There are some games that defy traditional criticism. By all accounts, the Earth Defense Force series fails on almost every level. The games look like last-gen titles, they are mindless and repetitive and lack any sort of polish when it comes to presentation. Still, for some reason, the most recent entry in the series, Insect Armageddon, is massively appealing and a ton of fun to play. Perhaps it stems from the fact that the developers know the game is what it is and never try to force it to be something that it’s not. Either way, Insect Armageddon throws in a few bells and whistles making it my favorite game in the series so far.
Story? We don’t need no stinking story. Seriously, the game involves the Earth Defense Force as they repel another invasion of giant bugs, this time from America. This means plenty of Call of Duty type conversation and being Oscar Mike. If you are playing the game for its in-depth narrative, you are doing it wrong.
If you have played an EDF game before, you know what to expect. This is a third-person shooter has you mowing down hundreds of thousands of giant insects ranging from ants to spiders to even massive praying mantises. Yeah, it’s cheesy, but it works. The mechanics of the shooting are just good enough to not be frustrating, and on normal, you rarely die unless you are simply careless, as enemies constantly drop health.
The objectives are relatively simple. Most involve moving from point A to point B, obliterating everything in your way. The game does throw in some cool diversions such as turret sequences and even vehicles. It is nothing you haven’t seen before and nothing that will change up the genre, but it remains stupid fun just the same. Ammo is infinite and you can carry two weapons at a time, but only select them before the level starts. Larger enemies drop new items you can purchase using your battle points, but the standard loadout is here: rocket launchers, machine guns and, of course, plenty of boomsticks.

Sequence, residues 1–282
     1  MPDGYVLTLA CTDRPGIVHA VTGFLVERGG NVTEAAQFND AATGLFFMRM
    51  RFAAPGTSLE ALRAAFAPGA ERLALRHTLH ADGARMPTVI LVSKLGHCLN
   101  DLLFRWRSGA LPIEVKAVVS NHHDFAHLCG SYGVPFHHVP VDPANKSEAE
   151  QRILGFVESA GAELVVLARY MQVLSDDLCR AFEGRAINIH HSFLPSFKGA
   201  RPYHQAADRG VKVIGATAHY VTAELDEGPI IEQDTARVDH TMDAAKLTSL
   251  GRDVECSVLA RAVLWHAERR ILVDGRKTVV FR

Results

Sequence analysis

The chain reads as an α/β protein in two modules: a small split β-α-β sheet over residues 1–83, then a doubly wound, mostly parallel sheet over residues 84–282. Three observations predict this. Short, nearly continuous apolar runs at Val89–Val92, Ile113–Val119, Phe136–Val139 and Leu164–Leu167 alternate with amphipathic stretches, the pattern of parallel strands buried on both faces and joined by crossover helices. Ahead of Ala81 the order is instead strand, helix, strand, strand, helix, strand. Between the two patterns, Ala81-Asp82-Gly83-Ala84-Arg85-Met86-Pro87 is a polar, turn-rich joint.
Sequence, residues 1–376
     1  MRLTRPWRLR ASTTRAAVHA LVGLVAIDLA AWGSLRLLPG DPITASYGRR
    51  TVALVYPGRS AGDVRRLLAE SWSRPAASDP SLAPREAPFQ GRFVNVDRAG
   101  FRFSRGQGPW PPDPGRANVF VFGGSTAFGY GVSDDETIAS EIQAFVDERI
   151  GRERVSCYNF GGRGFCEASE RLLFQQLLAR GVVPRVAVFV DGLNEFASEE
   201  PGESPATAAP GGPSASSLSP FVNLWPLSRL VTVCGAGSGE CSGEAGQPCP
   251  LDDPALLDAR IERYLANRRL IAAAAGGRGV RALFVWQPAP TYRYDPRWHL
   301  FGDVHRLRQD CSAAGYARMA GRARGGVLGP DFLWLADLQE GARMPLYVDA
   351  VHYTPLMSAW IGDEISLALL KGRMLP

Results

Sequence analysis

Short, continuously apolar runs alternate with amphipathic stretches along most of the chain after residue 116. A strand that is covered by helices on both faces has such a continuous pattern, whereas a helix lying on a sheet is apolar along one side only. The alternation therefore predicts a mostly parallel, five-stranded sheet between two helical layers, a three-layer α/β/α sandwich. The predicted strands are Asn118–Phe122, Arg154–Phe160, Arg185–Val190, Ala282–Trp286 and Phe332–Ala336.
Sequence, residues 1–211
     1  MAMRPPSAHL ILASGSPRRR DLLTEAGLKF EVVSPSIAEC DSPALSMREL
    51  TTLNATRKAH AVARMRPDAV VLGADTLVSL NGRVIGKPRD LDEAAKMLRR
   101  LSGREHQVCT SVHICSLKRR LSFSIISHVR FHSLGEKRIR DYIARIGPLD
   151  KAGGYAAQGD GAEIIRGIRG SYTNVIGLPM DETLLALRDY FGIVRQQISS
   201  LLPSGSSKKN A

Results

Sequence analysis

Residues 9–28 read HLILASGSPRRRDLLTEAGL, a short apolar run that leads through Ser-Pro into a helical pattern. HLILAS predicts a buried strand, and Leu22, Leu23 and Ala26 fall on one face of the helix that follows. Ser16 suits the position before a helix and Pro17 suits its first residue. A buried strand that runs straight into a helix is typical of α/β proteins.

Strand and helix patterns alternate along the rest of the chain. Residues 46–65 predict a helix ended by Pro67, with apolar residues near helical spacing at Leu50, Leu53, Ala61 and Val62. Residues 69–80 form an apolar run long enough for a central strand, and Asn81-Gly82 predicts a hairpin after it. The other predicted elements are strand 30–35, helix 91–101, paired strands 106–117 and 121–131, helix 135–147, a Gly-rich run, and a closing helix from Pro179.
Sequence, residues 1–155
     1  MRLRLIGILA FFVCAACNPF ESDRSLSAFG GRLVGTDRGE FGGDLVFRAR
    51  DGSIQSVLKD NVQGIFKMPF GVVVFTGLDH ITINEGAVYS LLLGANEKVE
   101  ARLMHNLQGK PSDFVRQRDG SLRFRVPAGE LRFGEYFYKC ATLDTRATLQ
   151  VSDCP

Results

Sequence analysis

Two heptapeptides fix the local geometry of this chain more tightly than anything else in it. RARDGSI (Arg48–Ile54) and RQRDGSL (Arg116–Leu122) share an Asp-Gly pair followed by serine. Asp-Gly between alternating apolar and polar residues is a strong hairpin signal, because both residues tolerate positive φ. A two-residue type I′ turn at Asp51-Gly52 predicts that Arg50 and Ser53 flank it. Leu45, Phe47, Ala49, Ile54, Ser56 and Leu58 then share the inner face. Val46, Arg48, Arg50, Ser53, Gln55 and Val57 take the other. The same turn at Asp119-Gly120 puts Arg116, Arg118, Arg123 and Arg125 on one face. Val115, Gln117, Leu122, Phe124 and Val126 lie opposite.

The biggest change to the formula with Insect Armageddon is the introduction of classes. At the outset of each mission, you can pick one of four unique classes that change your style of play. There is the standard grunt, the tank, the jetpack trooper and, my personal favorite, the tactical trooper. Basically, he plays like a grunt, but with the ability to drop a turret down for added firepower. You can level up each class individually, and this works out great when playing the cooperative modes within the game.
The main game is much shorter than the last, consisting of only three chapters with five levels each. You can plow through it in a couple sittings, but there is so much more here to conquer that the length actually didn’t bother me. The three difficulty levels are a nice addition, but collecting weapons is the real reason to grind on. Also, each armor levels up individually and the game is just a riot, so grinding is not necessarily all that painful. Of course, the real draw to replay is playing with friends either online or on the couch.
You can play through the entire campaign with up to two of your buddies online or opt to play the quintessential horde-type mode, Survival, with up to six players. It all boils down to working together to take down endless waves of insects, but I would be lying if I said it wasn’t a blast when you get a good group of players together. The Achievements/Trophies are also tied to the ridiculous amounts of enemies, offering up plenty of grinding for those of us who enjoy collecting these virtual accomplishments.
Visually, the game is just as generic as everything else. The environments are bland and the textures are lacking, but somehow it fits the game. Buildings come crumbling down after a few good rocket shots, and the screen is constantly littered with slowdown, which is amplified in multiplayer. The voice acting is cheesy, though Steven Blum manages to make his way into another game, and the music feels like it was ripped off of a B-movie soundtrack. In summation, it is exactly like the rest of the game: generically appealing.
Earth Defense Force: Insect Armageddon is one of those games that will only appeal to a certain audience. For those people, I definitely recommend picking this one up. It looks like a budget game, feels like a budget game and is a ton of fun for the price. Stupid, campy and one of my guilty pleasures for the year; I highly recommend anyone with a love for the B-movie sci-fi flicks to check this one out.
Review copy provided by publisher. Primary play on Xbox 360.